RCMP, U.S. Coast Guard sign Shiprider agreement

An agreement signed Tuesday allows the U.S. Coast Guard and the RCMP to work side by side in U.S. and Canadian waters, combating cross-border crimes in the eastern region.

Allows officers to patrol shared waterways, share information in fight against cross-border crimes

Canada and the U.S. signed an agreement Tuesday that removes the international maritime boundary as a barrier to law enforcement.

The Eastern Region International Cross-Border Maritime Law Enforcement Operations, also known as Shiprider, gives the U.S. Coast Guard and the RCMP the power to board ships and make arrests, whether in Canadian or American waters.

U.S. Coast Guard Rear Adm. Dan Abel and New Brunswick RCMP Assistant Commissioner Roger Brown signed the Shiprider agreement in Eastport on Tuesday. (Neville Crabbe/CBC)
"It's a huge day for us because it not only allows us to work together on enforcement, but also information and intelligence sharing," to combat cross-border crime on shared waterways, said New Brunswick RCMP Assistant Commissioner Roger Brown.

"This will exponentially increase the law enforcement capabilities with minimal impact to budgets or manpower," he said.

Brown joined U.S. Coast Guard Rear Adm. Dan Abel, commander of the U.S. 1st Coast Guard District, in Eastport, Me., to sign the Shiprider standard operating procedures.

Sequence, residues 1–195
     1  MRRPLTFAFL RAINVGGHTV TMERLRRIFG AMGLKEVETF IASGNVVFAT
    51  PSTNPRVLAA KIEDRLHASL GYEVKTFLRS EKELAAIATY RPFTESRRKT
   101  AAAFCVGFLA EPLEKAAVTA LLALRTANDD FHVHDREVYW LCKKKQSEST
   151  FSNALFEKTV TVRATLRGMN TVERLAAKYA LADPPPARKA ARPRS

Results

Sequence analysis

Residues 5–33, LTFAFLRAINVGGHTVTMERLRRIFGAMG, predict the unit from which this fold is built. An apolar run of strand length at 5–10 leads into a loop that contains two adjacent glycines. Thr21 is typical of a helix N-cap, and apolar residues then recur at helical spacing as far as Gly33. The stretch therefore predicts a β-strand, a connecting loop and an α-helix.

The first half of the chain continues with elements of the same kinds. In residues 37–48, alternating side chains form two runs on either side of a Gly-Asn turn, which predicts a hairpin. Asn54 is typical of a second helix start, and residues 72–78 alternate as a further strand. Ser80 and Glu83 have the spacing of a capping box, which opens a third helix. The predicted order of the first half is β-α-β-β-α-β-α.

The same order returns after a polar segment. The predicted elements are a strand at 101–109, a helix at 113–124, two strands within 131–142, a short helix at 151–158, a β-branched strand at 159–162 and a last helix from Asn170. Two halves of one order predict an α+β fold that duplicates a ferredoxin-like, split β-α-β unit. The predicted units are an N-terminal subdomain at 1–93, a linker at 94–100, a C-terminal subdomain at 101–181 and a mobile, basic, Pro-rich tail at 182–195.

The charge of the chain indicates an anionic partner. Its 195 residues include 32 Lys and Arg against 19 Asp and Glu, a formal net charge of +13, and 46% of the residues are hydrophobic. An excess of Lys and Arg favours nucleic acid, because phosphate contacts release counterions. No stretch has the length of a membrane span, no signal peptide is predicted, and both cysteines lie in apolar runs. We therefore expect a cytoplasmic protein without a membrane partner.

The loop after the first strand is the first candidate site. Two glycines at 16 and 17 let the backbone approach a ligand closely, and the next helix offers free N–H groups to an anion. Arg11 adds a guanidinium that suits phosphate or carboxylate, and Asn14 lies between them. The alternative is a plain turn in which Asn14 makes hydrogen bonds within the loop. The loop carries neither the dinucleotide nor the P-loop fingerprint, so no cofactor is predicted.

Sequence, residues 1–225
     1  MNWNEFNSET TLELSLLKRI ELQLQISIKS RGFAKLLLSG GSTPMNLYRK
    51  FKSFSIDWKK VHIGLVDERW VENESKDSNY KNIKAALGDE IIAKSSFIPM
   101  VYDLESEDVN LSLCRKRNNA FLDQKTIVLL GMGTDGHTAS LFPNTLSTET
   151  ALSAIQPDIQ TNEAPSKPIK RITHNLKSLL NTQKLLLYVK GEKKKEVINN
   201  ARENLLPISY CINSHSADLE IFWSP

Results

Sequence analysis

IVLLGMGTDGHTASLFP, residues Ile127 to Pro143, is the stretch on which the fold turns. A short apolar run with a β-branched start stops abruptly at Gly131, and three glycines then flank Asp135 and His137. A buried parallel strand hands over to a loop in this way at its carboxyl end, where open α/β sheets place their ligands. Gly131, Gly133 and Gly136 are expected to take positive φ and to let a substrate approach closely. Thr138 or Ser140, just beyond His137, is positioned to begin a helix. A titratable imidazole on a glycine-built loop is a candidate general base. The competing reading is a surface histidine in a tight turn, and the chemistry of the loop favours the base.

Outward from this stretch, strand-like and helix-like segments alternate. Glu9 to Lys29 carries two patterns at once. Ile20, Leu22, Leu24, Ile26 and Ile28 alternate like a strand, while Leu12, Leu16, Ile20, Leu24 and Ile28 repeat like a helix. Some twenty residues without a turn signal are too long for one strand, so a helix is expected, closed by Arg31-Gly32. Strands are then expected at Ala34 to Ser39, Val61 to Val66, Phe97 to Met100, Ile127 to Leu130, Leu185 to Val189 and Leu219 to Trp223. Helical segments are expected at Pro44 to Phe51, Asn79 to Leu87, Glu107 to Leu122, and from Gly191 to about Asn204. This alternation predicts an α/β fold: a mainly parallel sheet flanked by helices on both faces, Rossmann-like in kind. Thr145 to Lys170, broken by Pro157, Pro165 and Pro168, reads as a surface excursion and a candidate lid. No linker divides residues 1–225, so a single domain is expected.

"Through this partnership we are better able to protect the citizens of both the U.S. and Canada from cross-border crime," said Abel, who is in charge of more than 200 ships patrolling from the Canadian border to New Jersey.

"This is really about stopping anyone who might try to exploit a seam between the Canadian and U.S. authorities," he said.

The deal includes protocols, such as U.S. boats not being able to mount a preemptive armed patrol of the Canadian coast. But ships can cross if intelligence points to crimes, such as human and drug smuggling, even terrorism.

"The end game is there's a consequence for breaking the law or threatening the nation, it doesn't matter to me whether those people face justice here or up in Canada," said Abel.

All U.S. and Canadian officers designated as Shiprider-qualified receive extensive bi-national U.S. and Canadian enforcement training at the U.S. Coast Guard's Maritime Law Enforcement Academy in South Carolina.

This is the third Shiprider agreement between Canada and the U.S. There are also ones in place for parts of the Pacific Ocean and in the Great Lakes.

Former Public Safety minister Peter Van Loan and U.S. Secretary of Homeland Security Janet Napolitano signed a framework agreement in 2009.

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